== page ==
# Control pid

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• Publié le : 30 mars 2011

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Calculus with no math
When did you last use calculus on the job? My guess is never. So why do all the control theory textbooks bombard us with equations and expect us to understand how that relates to our real world processes? In these days of computer aided design and analysis tools – the need to solve a differential equation has been all but eliminated. This means that most engineers have losttouch with the concept of calculus, and how it applies to the real world. This is a shame because in many engineering disciplines and particularly in process control – the ability to visualise a problem mathematically is what really separates the real pros from the rest of the crowd. In fact even the humble PID contains those scary sounding calculus terms Integral and Derivative. This sectionaims to give you a feel for what these terms really mean. This will give you a real edge when understanding what’s going on in your controller.

Derivatives
Go into the control room of a process plant and ask the operator: “What’s the derivative of reactor 4’s pressure?”

And the response will typically be: “Bugger off smart arse!”

However go in and ask: “What’s the rate of change of reactor4’s pressure?”

And the operator will examine the pressure trend and say something like: “About 5 PSI every 10 minutes” He’s just performed calculus on the pressure trend! (don’t tell him though or he’ll want a pay rise) So derivative is just a mathematical term meaning rate-of-change. That’s all there is to it. Testing your understanding

Suppose you have a box of electronics that calculatesthe derivative of its input signal. Its output is connected to an analogue meter which reads zero when vertical, negative to the left and positive to the right. Look at the diagram below and draw on it where the meter would be pointing for each of the 4 input signals.

Scroll Down for the answer…

Were you right? If not – remember that the absolute value of the input signal does not matter,all that matters is whether it is changing through time, and if so in which direction:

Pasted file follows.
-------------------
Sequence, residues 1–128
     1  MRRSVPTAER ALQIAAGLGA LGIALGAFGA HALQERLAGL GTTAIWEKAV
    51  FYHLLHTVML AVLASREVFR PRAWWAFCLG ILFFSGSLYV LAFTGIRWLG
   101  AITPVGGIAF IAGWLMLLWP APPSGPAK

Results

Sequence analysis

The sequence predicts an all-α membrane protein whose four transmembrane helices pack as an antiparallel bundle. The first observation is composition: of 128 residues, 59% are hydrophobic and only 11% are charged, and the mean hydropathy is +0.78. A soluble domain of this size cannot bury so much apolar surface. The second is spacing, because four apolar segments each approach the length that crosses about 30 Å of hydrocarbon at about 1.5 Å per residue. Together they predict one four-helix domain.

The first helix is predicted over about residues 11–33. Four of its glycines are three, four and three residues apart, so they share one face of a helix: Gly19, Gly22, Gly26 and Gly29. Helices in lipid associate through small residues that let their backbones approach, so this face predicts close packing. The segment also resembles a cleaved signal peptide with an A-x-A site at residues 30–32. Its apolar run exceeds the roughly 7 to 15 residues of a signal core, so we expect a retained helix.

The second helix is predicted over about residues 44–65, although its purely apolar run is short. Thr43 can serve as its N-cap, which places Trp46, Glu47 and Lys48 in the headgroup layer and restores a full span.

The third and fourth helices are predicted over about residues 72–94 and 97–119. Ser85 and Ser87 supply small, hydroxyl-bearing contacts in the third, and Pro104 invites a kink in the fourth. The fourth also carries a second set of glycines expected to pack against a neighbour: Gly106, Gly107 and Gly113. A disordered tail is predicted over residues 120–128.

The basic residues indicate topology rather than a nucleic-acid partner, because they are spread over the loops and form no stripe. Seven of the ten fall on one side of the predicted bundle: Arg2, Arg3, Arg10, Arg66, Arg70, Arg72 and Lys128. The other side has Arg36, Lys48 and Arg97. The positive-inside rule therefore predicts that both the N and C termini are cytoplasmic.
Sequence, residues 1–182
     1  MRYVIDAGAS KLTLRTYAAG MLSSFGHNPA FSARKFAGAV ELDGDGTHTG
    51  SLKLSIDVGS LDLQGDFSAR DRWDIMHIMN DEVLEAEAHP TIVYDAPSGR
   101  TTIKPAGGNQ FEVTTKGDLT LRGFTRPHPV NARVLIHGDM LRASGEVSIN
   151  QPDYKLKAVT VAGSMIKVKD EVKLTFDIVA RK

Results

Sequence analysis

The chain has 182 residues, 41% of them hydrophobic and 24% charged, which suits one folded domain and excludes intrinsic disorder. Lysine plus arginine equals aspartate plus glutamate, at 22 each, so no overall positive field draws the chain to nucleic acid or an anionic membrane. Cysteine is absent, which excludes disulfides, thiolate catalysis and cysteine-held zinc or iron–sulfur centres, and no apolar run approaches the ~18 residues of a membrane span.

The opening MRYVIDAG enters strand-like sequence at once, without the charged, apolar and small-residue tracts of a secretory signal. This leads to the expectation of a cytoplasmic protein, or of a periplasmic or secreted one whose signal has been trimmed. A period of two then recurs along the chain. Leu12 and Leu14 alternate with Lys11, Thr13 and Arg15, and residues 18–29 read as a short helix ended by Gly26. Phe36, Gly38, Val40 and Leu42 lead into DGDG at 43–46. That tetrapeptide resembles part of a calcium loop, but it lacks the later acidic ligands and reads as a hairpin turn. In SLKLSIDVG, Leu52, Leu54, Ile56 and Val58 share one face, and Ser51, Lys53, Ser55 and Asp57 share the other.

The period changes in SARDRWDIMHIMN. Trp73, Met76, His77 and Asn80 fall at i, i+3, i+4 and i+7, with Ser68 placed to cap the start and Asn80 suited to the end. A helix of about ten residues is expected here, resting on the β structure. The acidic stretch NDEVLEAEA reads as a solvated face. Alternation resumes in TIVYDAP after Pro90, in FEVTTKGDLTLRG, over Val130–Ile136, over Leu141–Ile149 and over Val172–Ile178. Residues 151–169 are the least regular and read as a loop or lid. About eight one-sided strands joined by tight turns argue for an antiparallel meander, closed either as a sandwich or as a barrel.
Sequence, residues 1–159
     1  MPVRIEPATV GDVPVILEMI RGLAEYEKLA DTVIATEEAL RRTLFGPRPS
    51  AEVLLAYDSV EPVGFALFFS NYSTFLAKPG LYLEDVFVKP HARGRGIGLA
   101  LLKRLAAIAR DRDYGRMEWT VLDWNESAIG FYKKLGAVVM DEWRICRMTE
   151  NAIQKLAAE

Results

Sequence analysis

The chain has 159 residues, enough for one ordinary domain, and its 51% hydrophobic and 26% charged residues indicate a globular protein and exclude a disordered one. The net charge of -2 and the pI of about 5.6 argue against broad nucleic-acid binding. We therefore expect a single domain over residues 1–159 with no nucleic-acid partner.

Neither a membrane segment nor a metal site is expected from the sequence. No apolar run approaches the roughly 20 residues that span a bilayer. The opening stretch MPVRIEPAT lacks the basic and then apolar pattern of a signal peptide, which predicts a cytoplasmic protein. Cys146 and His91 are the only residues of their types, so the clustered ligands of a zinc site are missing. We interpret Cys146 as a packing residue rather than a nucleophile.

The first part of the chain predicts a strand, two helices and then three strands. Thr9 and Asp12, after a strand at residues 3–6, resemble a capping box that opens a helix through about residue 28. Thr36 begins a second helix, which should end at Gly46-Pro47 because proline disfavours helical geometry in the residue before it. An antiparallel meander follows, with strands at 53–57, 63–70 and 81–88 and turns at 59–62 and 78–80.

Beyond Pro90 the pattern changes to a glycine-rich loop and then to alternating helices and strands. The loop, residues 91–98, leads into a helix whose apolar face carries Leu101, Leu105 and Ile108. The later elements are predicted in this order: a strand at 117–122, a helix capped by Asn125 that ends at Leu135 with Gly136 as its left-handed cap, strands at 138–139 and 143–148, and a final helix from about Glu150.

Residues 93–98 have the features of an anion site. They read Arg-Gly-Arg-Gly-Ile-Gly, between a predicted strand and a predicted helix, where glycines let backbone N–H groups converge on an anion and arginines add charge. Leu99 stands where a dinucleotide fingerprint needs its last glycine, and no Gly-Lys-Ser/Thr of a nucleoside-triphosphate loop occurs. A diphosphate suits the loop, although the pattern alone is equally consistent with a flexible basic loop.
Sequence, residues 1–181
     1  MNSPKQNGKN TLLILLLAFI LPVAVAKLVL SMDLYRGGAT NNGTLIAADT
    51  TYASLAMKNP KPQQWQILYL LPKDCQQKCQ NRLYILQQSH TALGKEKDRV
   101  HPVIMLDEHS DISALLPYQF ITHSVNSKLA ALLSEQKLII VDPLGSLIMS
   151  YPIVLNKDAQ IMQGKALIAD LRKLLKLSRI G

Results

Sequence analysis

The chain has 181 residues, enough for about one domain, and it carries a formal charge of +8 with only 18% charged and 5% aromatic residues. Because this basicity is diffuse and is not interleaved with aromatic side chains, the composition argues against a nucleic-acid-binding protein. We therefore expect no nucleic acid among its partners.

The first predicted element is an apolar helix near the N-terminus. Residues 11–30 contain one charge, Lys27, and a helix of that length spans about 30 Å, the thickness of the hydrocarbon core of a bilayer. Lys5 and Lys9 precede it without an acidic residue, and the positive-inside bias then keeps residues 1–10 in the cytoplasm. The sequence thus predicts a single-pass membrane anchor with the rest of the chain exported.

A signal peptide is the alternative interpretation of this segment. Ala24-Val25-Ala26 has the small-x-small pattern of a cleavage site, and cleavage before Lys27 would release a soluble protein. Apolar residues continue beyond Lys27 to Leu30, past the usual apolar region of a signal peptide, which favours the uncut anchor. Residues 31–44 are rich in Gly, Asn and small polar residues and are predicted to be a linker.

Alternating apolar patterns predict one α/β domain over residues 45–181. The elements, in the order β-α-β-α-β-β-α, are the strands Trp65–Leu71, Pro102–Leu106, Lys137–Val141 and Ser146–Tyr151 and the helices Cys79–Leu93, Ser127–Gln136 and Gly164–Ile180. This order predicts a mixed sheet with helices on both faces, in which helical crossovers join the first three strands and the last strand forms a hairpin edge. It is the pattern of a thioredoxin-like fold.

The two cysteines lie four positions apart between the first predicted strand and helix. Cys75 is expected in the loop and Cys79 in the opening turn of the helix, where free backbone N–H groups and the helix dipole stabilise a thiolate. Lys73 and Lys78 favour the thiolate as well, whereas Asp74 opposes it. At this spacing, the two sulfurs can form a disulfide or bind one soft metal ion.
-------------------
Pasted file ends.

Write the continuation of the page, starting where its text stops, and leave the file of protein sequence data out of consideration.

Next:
• • • •

If the input signal is not changing the output will be zero. If the input signal is increasing linearly, the output will be positive and stationary. If the input signal is decreasing linearly, the output will be negative and stationary. If the input signal is getting steeper with time, then the meterwill be positive and moving to the right.

And so on. If you understand these concepts, then you know everything you need to about differential calculus in order to understand the PID algorithm.

Integrals without the Math
Is it any wonder that so many people run scared from the concept of integrals and integration, when this is a typical definition?

What the!?!? If you understood thatyou are a smarter person than me. Here’s a plain English definition: The integral of a signal is the sum of all the instantaneous values that the signal has been, from whenever you started counting until you stop counting. So if you are to plot your signal on a trend and your signal is sampled every second, and let’s say you are measuring temperature. If you were to superimpose the integral of thesignal over the first 5 seconds – it would look like this:

The green line is your temperature, the red circles are where your control system has sampled the temperature and the blue area is the integral of the temperature signal. It is the sum of the 5 temperature values over the time period that you are interested in. In numerical terms it is the sum of the areas of each of the bluerectangles: (13 x 1)+(14x1)+(13x1)+(12x1)+(11x1) = 63 °C s The curious units (degrees Celsius x seconds) are because we have to multiply a temperature by a time – but the units aren’t important. As you can probably remember from school –the integral turns out to be the area under the curve. When we have real world systems, we actually get an approximation to the area under the curve, which as you can see...